I believe, where Kovačić’s biography is concerned, that it would be especially interesting to read his comments on his visits to major foreign museums, his dialogues with great masters and with the history of art. It is a fact that Kovačić has never turned his back on great masters and their work. He faced them boldly and, more often than not, with great self-confidence. There was a lot of logic in his words: “The great masters could not sway me, they observed their people and their landscapes in their own time just as I observed them in mine”. That is certainly no pythian evasion of a direct answer; it was a reflection of the artist’s “Podravinian” pragmatism. In doing so Kovačić has shown no complexes and has not been burdened by the “avant-garde” period in which he lives and paints. Regardless of the loudness of the avant-garde, he also considers himself a witness of our (and his!) complex time, convinced that it is not unambiguous. He considers that the avant-garde and naïve art did not meet accidentally in the same period: there are good and unavoidable historic reasons for the meeting. After all, our pluralist art is not the only kind of art in history. Don’t these reasonable conclusions overpower all the counter-arguments of the die-hard dogmatists from the ranks of trendy fault-finders?

I believe, where Kovačić’s biography is concerned, that it would be especially interesting to read his comments on his visits to major foreign museums, his dialogues with great masters and with the history of art. It is a fact that Kovačić has never turned his back on great masters and their work. He faced them boldly and, more often than not, with great self-confidence. There was a lot of logic in his words: “The great masters could not sway me, they observed their people and their landscapes in their own time just as I observed them in mine”. That is certainly no pythian evasion of a direct answer; it was a reflection of the artist’s “Podravinian” pragmatism. In doing so Kovačić has shown no complexes and has not been burdened by the “avant-garde” period in which he lives and paints. Regardless of the loudness of the avant-garde, he also considers himself a witness of our (and his!) complex time, convinced that it is not unambiguous. He considers that the avant-garde and naïve art did not meet accidentally in the same period: there are good and unavoidable historic reasons for the meeting. After all, our pluralist art is not the only kind of art in history. Don’t these reasonable conclusions overpower all the counter-arguments of the die-hard dogmatists from the ranks of trendy fault-finders?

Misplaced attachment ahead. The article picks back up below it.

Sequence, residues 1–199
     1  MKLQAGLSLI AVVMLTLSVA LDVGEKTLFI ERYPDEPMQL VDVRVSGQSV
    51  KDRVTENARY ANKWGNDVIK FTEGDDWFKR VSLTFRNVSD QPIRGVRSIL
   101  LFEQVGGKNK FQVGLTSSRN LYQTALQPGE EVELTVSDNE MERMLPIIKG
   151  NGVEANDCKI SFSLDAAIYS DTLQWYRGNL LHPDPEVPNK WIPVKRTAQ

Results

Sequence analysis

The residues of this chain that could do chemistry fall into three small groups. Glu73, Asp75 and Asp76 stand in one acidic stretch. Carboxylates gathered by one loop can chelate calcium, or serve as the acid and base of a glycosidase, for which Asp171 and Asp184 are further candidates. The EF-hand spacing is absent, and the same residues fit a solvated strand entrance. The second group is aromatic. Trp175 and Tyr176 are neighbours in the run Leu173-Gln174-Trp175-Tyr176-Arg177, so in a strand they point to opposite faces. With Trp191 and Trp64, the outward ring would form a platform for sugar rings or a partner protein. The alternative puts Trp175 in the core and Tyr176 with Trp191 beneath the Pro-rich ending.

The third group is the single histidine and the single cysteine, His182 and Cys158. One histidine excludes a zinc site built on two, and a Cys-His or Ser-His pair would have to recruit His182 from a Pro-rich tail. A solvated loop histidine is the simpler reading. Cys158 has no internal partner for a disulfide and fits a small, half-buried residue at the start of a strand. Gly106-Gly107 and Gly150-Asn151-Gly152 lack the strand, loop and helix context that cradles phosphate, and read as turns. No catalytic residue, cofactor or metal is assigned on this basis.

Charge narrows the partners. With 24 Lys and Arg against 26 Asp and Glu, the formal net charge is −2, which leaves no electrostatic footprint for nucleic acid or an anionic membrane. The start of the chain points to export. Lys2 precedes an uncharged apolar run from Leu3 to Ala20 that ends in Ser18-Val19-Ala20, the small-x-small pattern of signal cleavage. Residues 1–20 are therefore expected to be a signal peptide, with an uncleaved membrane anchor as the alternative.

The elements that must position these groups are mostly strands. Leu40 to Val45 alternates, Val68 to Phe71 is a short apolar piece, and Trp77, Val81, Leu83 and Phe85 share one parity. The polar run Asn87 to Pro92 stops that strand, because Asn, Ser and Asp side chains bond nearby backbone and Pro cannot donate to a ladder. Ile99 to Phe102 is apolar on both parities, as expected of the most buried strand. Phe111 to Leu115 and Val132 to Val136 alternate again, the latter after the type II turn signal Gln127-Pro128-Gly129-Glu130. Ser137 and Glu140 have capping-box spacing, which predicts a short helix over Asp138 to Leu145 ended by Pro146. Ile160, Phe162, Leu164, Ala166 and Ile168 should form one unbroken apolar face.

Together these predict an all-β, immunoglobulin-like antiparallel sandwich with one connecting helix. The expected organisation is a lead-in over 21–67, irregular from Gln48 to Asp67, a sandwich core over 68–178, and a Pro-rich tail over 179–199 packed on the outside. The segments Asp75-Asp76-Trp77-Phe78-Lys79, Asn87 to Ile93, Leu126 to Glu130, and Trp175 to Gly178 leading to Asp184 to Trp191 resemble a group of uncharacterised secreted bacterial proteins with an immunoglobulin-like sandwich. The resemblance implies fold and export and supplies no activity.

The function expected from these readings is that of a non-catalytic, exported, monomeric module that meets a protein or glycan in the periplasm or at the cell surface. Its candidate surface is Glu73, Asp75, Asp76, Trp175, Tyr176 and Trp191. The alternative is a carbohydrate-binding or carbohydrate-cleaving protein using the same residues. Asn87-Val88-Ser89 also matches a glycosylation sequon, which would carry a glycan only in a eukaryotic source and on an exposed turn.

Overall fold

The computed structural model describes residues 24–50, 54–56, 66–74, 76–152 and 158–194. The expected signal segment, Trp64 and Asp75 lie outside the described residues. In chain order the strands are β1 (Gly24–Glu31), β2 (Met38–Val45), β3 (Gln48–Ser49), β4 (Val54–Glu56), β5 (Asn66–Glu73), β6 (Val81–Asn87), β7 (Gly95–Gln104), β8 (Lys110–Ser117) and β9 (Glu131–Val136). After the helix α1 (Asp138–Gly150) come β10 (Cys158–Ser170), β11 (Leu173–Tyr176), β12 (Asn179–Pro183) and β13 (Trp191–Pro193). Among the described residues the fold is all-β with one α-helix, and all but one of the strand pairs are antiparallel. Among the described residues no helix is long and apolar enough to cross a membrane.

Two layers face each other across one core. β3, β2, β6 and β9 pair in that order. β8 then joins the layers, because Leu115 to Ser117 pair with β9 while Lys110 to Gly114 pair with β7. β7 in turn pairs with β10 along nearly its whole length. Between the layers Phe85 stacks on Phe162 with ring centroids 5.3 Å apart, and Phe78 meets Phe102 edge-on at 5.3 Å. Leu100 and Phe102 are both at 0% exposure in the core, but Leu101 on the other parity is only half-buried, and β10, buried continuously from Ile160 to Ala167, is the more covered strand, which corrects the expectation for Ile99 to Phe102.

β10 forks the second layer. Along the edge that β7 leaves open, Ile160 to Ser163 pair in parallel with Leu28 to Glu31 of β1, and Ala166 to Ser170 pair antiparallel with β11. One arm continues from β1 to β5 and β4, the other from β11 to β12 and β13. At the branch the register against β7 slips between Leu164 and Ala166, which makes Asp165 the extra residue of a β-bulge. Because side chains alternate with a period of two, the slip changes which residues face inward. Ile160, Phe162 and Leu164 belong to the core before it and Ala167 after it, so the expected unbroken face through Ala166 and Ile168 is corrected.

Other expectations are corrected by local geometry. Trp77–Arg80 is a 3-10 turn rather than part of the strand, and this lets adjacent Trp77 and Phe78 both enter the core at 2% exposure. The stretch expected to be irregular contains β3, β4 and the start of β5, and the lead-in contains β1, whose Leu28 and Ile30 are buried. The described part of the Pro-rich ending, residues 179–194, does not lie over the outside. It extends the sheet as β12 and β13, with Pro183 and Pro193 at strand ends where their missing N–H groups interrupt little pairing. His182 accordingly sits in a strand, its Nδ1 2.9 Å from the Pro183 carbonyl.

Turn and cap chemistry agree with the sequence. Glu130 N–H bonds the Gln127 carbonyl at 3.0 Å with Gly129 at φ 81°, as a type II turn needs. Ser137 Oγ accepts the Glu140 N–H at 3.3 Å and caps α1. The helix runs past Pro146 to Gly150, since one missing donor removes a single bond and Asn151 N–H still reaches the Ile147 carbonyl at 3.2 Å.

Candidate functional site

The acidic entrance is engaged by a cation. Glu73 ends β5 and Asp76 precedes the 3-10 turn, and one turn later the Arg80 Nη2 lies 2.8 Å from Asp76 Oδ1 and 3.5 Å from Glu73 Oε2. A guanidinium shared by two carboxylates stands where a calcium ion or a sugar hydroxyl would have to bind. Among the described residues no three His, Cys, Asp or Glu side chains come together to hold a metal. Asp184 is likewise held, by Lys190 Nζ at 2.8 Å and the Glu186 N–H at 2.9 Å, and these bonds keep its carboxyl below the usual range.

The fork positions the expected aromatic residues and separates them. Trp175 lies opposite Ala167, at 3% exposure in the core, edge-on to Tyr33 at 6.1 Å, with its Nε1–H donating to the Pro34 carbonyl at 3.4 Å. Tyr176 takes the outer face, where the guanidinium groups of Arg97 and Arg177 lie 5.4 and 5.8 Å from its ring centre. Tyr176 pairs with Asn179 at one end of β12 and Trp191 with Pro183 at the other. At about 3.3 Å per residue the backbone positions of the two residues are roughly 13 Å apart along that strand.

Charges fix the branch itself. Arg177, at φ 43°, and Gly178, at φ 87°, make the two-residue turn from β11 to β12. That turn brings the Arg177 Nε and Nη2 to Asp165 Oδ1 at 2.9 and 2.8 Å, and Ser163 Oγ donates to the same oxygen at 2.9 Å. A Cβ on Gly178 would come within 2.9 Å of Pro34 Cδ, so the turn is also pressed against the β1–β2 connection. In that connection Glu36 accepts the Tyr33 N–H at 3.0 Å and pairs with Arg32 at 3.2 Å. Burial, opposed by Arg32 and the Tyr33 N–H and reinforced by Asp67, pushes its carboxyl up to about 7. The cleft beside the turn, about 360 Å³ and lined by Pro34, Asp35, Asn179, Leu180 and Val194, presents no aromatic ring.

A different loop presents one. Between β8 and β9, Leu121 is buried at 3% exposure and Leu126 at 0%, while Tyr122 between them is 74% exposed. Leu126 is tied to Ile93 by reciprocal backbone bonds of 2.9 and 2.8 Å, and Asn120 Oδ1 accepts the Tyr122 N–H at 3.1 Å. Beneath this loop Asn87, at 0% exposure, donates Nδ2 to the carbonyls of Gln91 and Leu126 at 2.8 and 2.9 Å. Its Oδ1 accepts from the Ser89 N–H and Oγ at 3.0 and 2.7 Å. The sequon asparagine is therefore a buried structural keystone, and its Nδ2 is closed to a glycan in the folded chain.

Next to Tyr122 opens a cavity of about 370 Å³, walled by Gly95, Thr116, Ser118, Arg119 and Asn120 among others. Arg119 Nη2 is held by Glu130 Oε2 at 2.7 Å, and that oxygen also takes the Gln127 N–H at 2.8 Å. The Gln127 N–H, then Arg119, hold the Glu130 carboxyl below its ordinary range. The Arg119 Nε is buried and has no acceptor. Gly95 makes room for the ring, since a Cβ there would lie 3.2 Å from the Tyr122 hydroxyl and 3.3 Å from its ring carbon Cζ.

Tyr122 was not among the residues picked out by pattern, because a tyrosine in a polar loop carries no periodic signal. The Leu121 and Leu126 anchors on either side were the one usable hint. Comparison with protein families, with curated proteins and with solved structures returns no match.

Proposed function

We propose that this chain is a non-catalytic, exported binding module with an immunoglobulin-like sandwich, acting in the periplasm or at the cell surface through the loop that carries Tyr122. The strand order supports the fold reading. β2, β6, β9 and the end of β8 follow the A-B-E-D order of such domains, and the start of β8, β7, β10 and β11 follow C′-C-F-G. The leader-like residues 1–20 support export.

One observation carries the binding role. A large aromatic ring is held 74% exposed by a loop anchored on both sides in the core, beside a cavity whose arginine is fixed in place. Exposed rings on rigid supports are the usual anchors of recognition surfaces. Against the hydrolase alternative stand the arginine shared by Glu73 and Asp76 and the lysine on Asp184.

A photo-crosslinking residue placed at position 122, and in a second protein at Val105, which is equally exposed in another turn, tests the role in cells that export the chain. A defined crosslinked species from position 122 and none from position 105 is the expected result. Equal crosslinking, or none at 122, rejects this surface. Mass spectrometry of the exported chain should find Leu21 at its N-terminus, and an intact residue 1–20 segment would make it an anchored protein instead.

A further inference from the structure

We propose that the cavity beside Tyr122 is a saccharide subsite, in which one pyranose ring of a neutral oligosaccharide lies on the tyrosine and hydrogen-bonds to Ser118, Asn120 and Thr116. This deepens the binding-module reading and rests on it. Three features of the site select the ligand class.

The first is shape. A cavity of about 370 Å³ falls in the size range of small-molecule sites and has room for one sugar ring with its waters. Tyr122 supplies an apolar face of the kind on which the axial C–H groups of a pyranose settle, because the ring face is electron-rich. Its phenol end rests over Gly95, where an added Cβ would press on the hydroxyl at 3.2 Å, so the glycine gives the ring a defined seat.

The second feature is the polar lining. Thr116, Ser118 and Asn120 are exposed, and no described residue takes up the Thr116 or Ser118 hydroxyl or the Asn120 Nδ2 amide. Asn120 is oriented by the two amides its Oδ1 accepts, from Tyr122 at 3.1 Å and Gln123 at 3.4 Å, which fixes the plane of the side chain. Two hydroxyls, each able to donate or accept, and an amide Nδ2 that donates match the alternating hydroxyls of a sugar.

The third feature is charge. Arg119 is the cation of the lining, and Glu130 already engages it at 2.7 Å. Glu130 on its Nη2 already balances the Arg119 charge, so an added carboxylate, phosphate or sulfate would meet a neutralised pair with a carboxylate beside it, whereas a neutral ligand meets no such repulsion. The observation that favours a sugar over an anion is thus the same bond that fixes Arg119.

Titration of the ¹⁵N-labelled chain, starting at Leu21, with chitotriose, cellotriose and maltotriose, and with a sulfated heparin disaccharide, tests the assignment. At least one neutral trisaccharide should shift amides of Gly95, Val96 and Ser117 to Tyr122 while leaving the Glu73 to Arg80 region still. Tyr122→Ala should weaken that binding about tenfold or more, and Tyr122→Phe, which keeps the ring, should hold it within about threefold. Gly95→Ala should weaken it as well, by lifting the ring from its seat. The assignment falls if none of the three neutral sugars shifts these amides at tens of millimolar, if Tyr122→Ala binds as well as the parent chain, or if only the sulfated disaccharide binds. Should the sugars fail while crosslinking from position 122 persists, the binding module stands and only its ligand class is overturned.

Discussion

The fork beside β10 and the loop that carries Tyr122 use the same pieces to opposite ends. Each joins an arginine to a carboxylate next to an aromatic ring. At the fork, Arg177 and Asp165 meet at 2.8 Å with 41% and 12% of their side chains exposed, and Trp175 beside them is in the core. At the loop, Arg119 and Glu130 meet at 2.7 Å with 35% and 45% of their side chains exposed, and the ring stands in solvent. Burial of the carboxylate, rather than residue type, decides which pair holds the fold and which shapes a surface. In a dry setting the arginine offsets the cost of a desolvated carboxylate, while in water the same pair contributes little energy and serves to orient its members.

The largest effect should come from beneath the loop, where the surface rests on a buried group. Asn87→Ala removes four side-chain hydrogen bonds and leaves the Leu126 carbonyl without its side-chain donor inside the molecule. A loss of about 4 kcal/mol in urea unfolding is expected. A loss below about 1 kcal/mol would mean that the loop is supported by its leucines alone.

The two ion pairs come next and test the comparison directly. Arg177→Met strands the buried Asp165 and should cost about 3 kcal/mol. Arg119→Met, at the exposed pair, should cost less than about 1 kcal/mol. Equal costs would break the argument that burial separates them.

In other museums Kovačić also observed and appreciated the masterly perfection of his favourites. His experience had taught him that perfection of the artistic idiom is not an art-for-art’s sake game but, rather, an unavoidable condition for the clear expression of an artist’s ideas. A “stuttering” artist can never express his thoughts, if he ever had any in the first place! Can anyone be a writer without a vocabulary and knowledge of syntax and grammar? In the Louvre he saw Rembrandt, Rubens, the Flemish master, in the Hermitage the impressionists and Repin, and in the Modern Gallery in Zagreb he admired Bukovac, Medović, Iveković, Račić, Kraljević. All these are names he can recall spontaneously as he draws them out of his subconscious, familiar interlocutors in the lonely days spent in his Gornja Šuma “studio”. This selection, these visits tell us everything about Mijo Kovačić: he is not ashamed of their “non-modernity” and does not snobbishly slam the door of his studio in their faces in order to confirm his own “modernity”. He knows he would find it even harder to slam the door in the face of his own art. He saw a lot, “on this and that side of art”, as he says, and understood, with the wisdom of a “country man”, Hippocrates’ “everything flows”. From Gornja Šuma he watched fashions, sham celebrities, loud manifestoes and art movements come and - more often than not, - go, leaving only deeply rooted talent. He watched art movements dying in the cradle, and he also watched his Podravina school surviving for no less than seventy years, which has no precedent in any modern art movement. Indeed, naïve art is still there, in spite of all malicious ill-omened prophets! And that is the most direct message of his biography.